Vickers said more than 23,000 New Brunswickers work in the bar and restaurant industry — more than six per cent of the province's workforce.

And many of those jobs are at risk because restaurants are still recovering from closures in the spring and struggling with limited capacity ordered by Public Health, he said. The wholesale pricing policy would be reviewed after one year to see how effective it is.

"The more businesses we can keep open the better," Vickers said. "It is for the economy, and the better it is for the provincial government's bottom line."

Higgs boasts about PCs' COVID-19 response

Progressive Conservative Leader Blaine Higgs focused on education on Wednesday.

He also played up the government's response to the COVID-19 pandemic, saying an early decision to close schools led New Brunswick to the "enviable position" it's in today.

"We've been tested, and I believe our team has shown we understand how to handle challenging situations," he said in Oromocto.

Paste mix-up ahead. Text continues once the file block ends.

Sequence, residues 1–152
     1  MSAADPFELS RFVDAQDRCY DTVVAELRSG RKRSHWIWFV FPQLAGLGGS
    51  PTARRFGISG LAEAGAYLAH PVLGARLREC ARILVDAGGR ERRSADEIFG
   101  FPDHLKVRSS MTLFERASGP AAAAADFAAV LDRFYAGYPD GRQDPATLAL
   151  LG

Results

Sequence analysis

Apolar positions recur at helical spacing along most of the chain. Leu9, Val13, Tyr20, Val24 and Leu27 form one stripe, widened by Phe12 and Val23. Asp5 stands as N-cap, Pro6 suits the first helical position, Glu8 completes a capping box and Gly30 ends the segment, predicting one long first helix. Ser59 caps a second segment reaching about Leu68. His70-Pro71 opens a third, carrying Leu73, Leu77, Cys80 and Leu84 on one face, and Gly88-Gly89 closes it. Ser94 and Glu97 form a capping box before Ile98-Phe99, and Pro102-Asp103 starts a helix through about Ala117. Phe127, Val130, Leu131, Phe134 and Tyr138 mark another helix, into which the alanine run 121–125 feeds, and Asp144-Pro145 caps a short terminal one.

PC Leader Blaine Higgs talked about education, promising to support early childhood educators, school food programs, and a modern curriculum, (Maria Burgos/CBC)

Higgs said a PC government would continue to work on the education system by supporting early childhood educators, school food programs, and a modern curriculum and way of delivering it.

He said his government opened daycares earlier than most other provinces after the COVID-19 lockdown. In the spring budget, the PCs also raised the hourly wages of trained early childhood educators by $0.75 and would raise them again next year and the next two years after that — bringing them to $19 from $16 by 2023.

Higgs also pointed to $200,000 in the spring budget to pilot the first phase of a new school food program. If re-elected, he said, the PCs would commit to making food programs available in every school starting in 2021-22.